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*nix Thread, ubuntu and vmware in Technical; hi all just downloaded a vmware version of ubuntu 6.10 server from http://www.vmware.com/vmtn/appliances/directory/ and started it up but it is ...
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    ubuntu and vmware

    hi all just downloaded a vmware version of ubuntu 6.10 server from http://www.vmware.com/vmtn/appliances/directory/ and started it up but it is non GUI have i got the wrong version? can any one point me in the right direction?
    i want to see what a server install can offer me.

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    Re: ubuntu and vmware

    @Uraken: Ubuntu Server does not have a GUI by default. You can grab it from the repositories though.

    The reason for no GUI is that it is seen as an unnecessary overhead on a system that will more than likely be run headless.

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    Re: ubuntu and vmware

    thanks Ric_ wheres the repositories then and will it make things easier with the GUI i'm not sure why i had the impression that all linux distros were now GUI based as default seems i'm a little of the pace with this.

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    Re: ubuntu and vmware

    If you get the standard Ubuntu distro, the GUI and all sorts of other stuff will install by default.

    One of the easiest ways to grab the necessary packages on server should be to use something like 'dselect' (run as root) and search for 'Gnome' or 'gdm'.

    If you just want a server, Webmin might be a better bet. Webmin has all sorts of modules.

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    Re: ubuntu and vmware

    ah ok i guess i got the wrong package. I want to install standard server and standard workstation and have a play with them. can you point me in the right direction for the downloads? are they seperate or will one distro give me a server/wstation choice?

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    Re: ubuntu and vmware

    The packages are the same, whether server or desktop. your not limited in what services you run as you are with windows. The difference between the ubuntu versions is that they bundle the packages required for either need, therefore you can install a kde/xfce/gnome/whatever desktop manager on a server if you wish.
    IMHO you should start playing with a desktop distro and learn the shell, as this will be a prerequisite to efficiently running a *nix server. SUSE might also be a good option as it has a very graphical way (YAST) of managing servers.

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    Re: ubuntu and vmware

    Just install the standard desktop setup and have a play - you can install all the server type packages necessary for things like apache/php etc using the graphical package installer.

    Once your a 'nix guru like Geoff you can switch to just using a command line to do everything

    (Or just keep the GUI - but you'll never make 'nix Commander level :P )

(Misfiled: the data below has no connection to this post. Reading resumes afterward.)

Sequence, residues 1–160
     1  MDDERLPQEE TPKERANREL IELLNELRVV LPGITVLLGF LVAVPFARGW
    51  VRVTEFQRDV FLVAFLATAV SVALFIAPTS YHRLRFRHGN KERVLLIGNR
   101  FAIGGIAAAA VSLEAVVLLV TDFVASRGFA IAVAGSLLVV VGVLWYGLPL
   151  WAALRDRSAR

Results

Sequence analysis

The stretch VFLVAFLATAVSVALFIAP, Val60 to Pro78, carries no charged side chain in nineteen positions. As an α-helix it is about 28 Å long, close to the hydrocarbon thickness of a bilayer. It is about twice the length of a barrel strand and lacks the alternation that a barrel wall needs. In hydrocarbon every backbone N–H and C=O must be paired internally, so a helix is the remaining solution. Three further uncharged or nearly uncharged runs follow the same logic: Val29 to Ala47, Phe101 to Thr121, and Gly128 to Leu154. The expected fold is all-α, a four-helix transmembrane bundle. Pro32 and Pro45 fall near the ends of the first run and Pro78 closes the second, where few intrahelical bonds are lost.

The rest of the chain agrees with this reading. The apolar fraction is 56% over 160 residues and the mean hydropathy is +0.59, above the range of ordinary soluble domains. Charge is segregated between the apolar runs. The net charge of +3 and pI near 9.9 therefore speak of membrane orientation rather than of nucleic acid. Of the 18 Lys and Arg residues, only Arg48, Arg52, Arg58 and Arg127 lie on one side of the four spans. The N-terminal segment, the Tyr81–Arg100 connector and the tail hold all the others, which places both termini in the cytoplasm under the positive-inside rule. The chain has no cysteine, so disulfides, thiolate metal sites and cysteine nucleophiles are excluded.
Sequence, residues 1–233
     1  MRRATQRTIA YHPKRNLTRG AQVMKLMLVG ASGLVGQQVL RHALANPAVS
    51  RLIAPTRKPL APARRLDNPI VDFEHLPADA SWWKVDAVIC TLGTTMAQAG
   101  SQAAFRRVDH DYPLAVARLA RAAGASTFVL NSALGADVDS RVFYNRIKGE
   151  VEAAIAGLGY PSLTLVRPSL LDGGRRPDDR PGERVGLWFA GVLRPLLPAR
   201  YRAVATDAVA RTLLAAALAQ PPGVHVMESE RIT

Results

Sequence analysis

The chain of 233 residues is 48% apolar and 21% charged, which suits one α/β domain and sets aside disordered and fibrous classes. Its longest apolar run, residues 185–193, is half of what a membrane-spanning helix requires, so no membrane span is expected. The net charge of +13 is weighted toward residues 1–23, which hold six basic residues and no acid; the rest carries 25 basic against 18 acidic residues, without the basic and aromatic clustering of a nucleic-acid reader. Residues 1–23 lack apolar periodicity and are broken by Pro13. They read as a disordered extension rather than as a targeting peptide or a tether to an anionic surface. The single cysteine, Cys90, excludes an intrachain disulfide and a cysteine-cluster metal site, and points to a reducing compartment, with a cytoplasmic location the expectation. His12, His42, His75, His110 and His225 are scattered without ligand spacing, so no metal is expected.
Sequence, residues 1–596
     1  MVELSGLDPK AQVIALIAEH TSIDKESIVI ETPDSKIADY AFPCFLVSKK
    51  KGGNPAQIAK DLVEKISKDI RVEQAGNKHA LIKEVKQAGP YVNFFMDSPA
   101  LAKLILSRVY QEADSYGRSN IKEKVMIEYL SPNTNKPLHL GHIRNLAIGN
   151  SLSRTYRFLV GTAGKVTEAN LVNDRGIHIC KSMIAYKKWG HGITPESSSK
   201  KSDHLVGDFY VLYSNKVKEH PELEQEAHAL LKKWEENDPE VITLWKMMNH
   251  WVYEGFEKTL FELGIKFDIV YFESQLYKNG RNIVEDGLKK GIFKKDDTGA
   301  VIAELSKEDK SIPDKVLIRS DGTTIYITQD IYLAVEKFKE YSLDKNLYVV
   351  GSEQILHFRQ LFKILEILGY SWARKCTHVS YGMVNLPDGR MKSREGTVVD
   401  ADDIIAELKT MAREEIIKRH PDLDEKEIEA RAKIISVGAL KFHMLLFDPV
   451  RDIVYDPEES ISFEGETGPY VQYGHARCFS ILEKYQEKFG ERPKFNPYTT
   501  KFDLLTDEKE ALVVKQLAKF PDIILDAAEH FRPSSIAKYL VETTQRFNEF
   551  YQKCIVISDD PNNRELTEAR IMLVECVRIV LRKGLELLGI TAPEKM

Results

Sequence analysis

regards

    Simon

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    Re: ubuntu and vmware

    "Just install the standard desktop setup" do you mean the desktop version?

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    Re: ubuntu and vmware

    ^ yes

    Like said once your in with a GUI you can have a browse about, get to know the file/folder structure. Open up a terminal/"command prompt" and have folders open side by side so you can get to know how things get put together.

    Alternatively if you can read and follow instructions you really cant go far wrong with these guides

    http://www.howtoforge.com/perfect_setup_ubuntu_6.06

    http://ubuntuguide.org/wiki/Dapper

    Basicallly once you've got an IP address and got SSH installed you can sit at your windows PC and copy and paste commands directly from the guides into a terminal emulation app such as Putty - from then on you wont even need to sit at the *nix box.

    Honestly, with a little luck you'll have a webserver up and running in an hour.

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    Re: ubuntu and vmware

    thanks mate i followed these ones http://www.howtoforge.com/node/1388 to install lamp but can't get any packages installed as it can't find any? so close yet so far.....

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    Re: ubuntu and vmware

    If you use a proxy you need to set proxy settings for apt-get if thats what you are trying to use for packages.

    Also your repositires file may need editing.

    http://www.ubuntu-nl.org/source-o-matic/

    Ben

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    Re: ubuntu and vmware

    If you use a proxy you need to set proxy settings for apt-get if thats what you are trying to use for packages.

    Also your repositires file may need editing.

    http://www.ubuntu-nl.org/source-o-matic/

    Ben

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    Re: ubuntu and vmware

    Also if you're using proxies and need WGET then adding the following to your .bashrc file in your home dir does help.

    Code:
    http_proxy="http://proxy:port"
    https_proxy="http://proxy:port"
    ftp_proxy="http://proxy:port"
    
    export http_proxy https_proxy ftp_proxy
    Log out and back in and then it works

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    Re: ubuntu and vmware

    We've discussed this before. If you want a more generic system wide approach to setting a proxy on Linux, have a look at this post.

    http://www.edugeek.net/index.php?nam...&p=77890#77890

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